Schleicher K7

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K7 Rhönadler
Schleicher K 7 D-5844 vl.jpg
Role Glider
National origin West Germany
Manufacturer Alexander Schleicher GmbH & Co
Designer Rudolf Kaiser
Introduction 1960
Status Production completed
Number built 550
Developed from Schleicher Ka-2
Variants Schleicher ASK 13

The Schleicher K7 Rhönadler, aka Ka-7 or K-7, is a West German high-wing, two-seat, glider that was designed by Rudolf Kaiser and produced by Alexander Schleicher GmbH & Co.[1][2]

Often referred to as the Ka-7 or K-7, the US Federal Aviation Administration type certificate officially designates it as the K7.[1][2][3]

Design and development[edit]

K7 wing being recovered, showing the wooden structure.

The K7 was intended as a two-place trainer with good performance, a rare combination in trainers of its time.[1][2]

The K7 is constructed with a welded steel tube fuselage, covered in doped aircraft fabric covering. The wing is a wooden structure with a doped fabric covering and employs a Goettingen 533 (16%) airfoil at the wing root, transitioning to a Goettingen 533 (14%) section at the wing tip. The wing features powerful dive brakes. The landing gear is a fixed monowheel. The earlier Ka-2 variant has a plywood monocoque fuselage.[1][2][3][4]

After 550 had been built, the K7 was superseded in production by the Schleicher ASK 13.[1][2]

The K7 can be converted into a K7/13 with a conversion kit to lower the wing to the mid-wing position and installation of a one-piece canopy, rendering the aircraft similar to the ASK-13.[1]

Operational history[edit]

A K7 was flown to a new world multi-place glider speed record for flight around a 500 km (311 mi) triangle of 84 km/h (52 mph) in 1964 in South Africa.[1][2]

Variants[edit]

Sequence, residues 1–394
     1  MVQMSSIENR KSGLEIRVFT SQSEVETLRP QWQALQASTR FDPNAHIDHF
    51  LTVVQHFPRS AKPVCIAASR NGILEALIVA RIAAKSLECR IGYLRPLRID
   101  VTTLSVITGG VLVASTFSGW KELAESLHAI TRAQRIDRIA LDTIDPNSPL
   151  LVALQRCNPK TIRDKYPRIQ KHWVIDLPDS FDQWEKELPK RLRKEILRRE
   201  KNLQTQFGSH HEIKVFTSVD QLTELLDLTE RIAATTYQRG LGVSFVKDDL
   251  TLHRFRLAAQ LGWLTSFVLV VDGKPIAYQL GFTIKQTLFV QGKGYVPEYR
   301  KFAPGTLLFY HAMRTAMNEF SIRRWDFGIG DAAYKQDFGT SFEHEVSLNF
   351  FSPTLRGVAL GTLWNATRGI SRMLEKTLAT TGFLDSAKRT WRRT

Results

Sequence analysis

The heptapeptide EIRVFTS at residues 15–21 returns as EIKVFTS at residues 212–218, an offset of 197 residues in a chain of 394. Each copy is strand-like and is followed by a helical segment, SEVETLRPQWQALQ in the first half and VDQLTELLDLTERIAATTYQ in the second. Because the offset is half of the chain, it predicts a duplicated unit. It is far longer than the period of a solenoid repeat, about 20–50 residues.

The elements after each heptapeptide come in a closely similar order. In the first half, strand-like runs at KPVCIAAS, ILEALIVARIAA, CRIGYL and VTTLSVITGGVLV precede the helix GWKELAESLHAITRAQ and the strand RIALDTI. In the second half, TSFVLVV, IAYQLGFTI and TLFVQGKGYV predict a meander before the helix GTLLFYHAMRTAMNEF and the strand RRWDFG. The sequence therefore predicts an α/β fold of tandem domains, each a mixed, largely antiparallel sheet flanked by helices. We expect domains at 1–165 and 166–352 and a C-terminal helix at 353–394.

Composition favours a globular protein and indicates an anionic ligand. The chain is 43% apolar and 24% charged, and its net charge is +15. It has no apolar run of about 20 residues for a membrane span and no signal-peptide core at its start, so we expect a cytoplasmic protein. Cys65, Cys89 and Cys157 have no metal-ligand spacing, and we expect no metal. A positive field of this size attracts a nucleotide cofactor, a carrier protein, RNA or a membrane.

Ka-2
Early version with a plywood monocoque fuselage[1][3]
K7
Main production version with a steel tube fuselage.[1][2][3]
K7/13
K7 converted to a mid-wing arrangement, plus a single piece canopy, to resemble an AS-K 13[1]

Specifications (K7)[edit]

K7 after landing

Data from Sailplane Directory, Soaring and FAA Type Certificate 7g3,[1][2][3] The World's Sailplanes:Die Segelflugzeuge der Welt:Les Planeurs du Monde[5]

General characteristics

  • Crew: one
  • Capacity: one passenger
  • Length: 8.15 m (26 ft 9 in)
  • Wingspan: 16.0 m (52 ft 6 in)
  • Wing area: 17.56 m2 (189.0 sq ft)
  • Aspect ratio: 14.6:1
  • Airfoil: root: Goettingen 533 (16%), mid: Goettingen 533 (14%), tip: Goettingen 533 (14%)
  • Empty weight: 282 kg (622 lb)
  • Max takeoff weight: 484.5 kg (1,068 lb)

Performance

  • Stall speed: 59.3 km/h (37 mph; 32 kn)
  • Never exceed speed: 200 km/h (124 mph; 108 kn)
  • Rough air speed max: 130 km/h (80.8 mph; 70.2 kn)
  • Aerotow speed: 130 km/h (80.8 mph; 70.2 kn)
  • Winch launch speed: 100 km/h (62.1 mph; 54.0 kn)
  • g limits: +4 -2
  • Maximum glide ratio: 26:1 at ~83 km/h (52 mph)
  • Rate of sink: 0.70 m/s (138 ft/min) at 67 km/h (42 mph)
  • Wing loading: 27.34 kg/m2 (5.60 lb/sq ft)

See also[edit]

Aircraft of comparable role, configuration and era
Related lists

Notes[edit]

  1. ^ a b c d e f g h i j k Activate Media (2006). "Ka-7 Schleicher". Retrieved 23 July 2011. 
  2. ^ a b c d e f g h Said, Bob (November 1983). "1983 Sailplane Directory". Soaring Magazine (Soaring Society of America). USPS 499-920. 
  3. ^ a b c d e Federal Aviation Administration (February 1961). "Type Certificate Data Sheet No. 7g3". Retrieved 23 July 2011. 
  4. ^ Lednicer, David (2010). "The Incomplete Guide to Airfoil Usage". Retrieved 23 July 2011. 
  5. ^ Shenstone, B.S.; K.G. Wilkinson & Peter Brooks (1958). The World's Sailplanes:Die Segelflugzeuge der Welt:Les Planeurs dans Le Monde (in Primarily English with French and German) (1st ed.). Zurich: Organisation Scientifique et Technique Internationale du Vol a Voile (OSTIV) and Schweizer Aero-Revue. pp. 9–13. 

References[edit]

  • Activate Media (2006). "Ka-7 Schleicher". Retrieved 23 July 2011. 
  • Said, Bob (November 1983). "1983 Sailplane Directory". Soaring Magazine (Soaring Society of America). USPS 499-920. 
  • Federal Aviation Administration (February 1961). "Type Certificate Data Sheet No. 7g3". Retrieved 23 July 2011. 
  • Lednicer, David (2010). "The Incomplete Guide to Airfoil Usage". Retrieved 23 July 2011. 
  • Shenstone, B.S.; K.G. Wilkinson & Peter Brooks (1958). The World's Sailplanes:Die Segelflugzeuge der Welt:Les Planeurs dans Le Monde (in Primarily English with French and German) (1st ed.). Zurich: Organisation Scientifique et Technique Internationale du Vol a Voile (OSTIV) and Schweizer Aero-Revue. pp. 81–87. 

External links[edit]

Media related to K 7 at Wikimedia Commons